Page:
A couple of times a week, I take the long way round to work and a very different walk it is. A trip to Ludlow town is always a pleasure, it is so easy to moan about the steep streets, (I’m sure they put a brick under its slabs last night!) and to forget to look. My husband has given me a love for architecture which enhances any town centre visit. Ludlow just keeps on giving.
I start my journey by walking up Frog Lane towards the town walls. What a great name! Even if it was named for its damp water meadows. I wonder if it’s inhabitants were thought to have webbed hands and feet?
I turn left, passing the tiny black and white cottage, conscious that I am walking the boundary of the old leper colony, its gardens and hospital. I so want to think it was a place of peace as well as isolation.
The town wall gardens are vibrant, with their newly minted greens and blues, the Blue bells look as if enamelled against the bricks.
A woman is pushing a buggy and walking her dog and talking on her MOB all at the same time. I wonder if she noticed the shadows cast by the trees over the pavement, or heard the birds twitter patting in their branches.
Wheat sheaf Inn passed, looking spick and spam with its new coat of paint I turn under the last remaining gateway and enter Ludlow. It always makes me smile to remember that we live “beyond the pale”, outside the town’s protecting walls. Although if I remember some of my local history right, most of the local rouges lived inside the town. Perhaps we were better off outside, if looked down on, literally.
What’s not to like about Broad Street? It has been voted the most attractive street in England, and it certainly enchants me. Not just the gracious Georgian sweep with those enticing hidden walled gardens, but the gorgeous glass façade of the Wesleyan chapel, the yellow paint of the medieval, the Victorian pillared and covered shopping arcade, Bodenhams, leaning and creaking on the top corner, as if its holding up the café next door. (Always be De Greys to me). A Ludlow institution now sadly gone.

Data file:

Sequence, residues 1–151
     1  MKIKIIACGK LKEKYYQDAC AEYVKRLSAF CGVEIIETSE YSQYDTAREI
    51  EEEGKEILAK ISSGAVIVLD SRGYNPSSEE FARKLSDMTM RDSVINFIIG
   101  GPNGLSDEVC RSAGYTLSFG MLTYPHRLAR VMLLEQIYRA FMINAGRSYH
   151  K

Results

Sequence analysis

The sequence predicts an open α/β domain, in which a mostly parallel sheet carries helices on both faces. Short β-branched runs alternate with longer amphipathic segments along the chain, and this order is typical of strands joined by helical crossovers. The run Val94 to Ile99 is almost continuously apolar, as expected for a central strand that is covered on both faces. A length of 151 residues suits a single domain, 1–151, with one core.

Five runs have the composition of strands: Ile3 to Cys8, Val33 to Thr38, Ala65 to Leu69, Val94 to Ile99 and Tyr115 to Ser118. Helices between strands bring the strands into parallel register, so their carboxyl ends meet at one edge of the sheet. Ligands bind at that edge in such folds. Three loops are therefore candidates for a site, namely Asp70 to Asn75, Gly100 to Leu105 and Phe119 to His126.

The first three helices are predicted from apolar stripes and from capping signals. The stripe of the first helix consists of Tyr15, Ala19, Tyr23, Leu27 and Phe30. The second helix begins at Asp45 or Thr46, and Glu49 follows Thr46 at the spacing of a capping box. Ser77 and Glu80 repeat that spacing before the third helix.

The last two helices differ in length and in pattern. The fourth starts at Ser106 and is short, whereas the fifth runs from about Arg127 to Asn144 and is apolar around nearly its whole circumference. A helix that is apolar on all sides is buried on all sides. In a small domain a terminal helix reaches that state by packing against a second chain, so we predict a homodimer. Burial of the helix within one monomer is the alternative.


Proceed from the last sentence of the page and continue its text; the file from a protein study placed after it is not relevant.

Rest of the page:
The Butter Cross is the icing on the Broad Street plate, though not in the street but looking down it, as if keeping an eye on the comings and goings. When it was the home of local government, I’m sure they kept it all in their sight.
So, left at the top and the real purpose of my visit, buying local produce for the café. First stop Walls the Butcher’s. Charlie’s on form today and singing at the top of his voice from the cellar.
They certain cram a great range of locally produced and butchered meats from a very tight space. They are there from about 6.30 most mornings, and I have never known them to be anything but helpful and cheerful.
We are very fortunate to have three local butchers in the town when many towns have to rely on super-market meat. Now one of the best pieces of advise my husband ever gave me, and bare in mind that this is from a man who has worked in the catering industry most of his life, is ; “Always look the person you are buying your meat from in the eye.”
Next on the round is Prices the Bakers. We have been using Price’s a long time. They were still baking in the old original bake House in Quality Square then. Turning into the square on a cold morning to the aroma of bread and cakes baking was wonderful.
Their shop was formally an old coaching inn and has some great history hidden behind its walls. But I am on a mission and today just order and receive freshly baked bread.
Last stop is round the corner in Mill Street to Farmers Fruit and vegetable emporium. It really is the way to shop for perishable goods. I love the range they have, the seasonal quality and the display of flowers entices me in.
The Butter Cross clock is chiming out over head as I make my way towards Galdeford and Green Pea.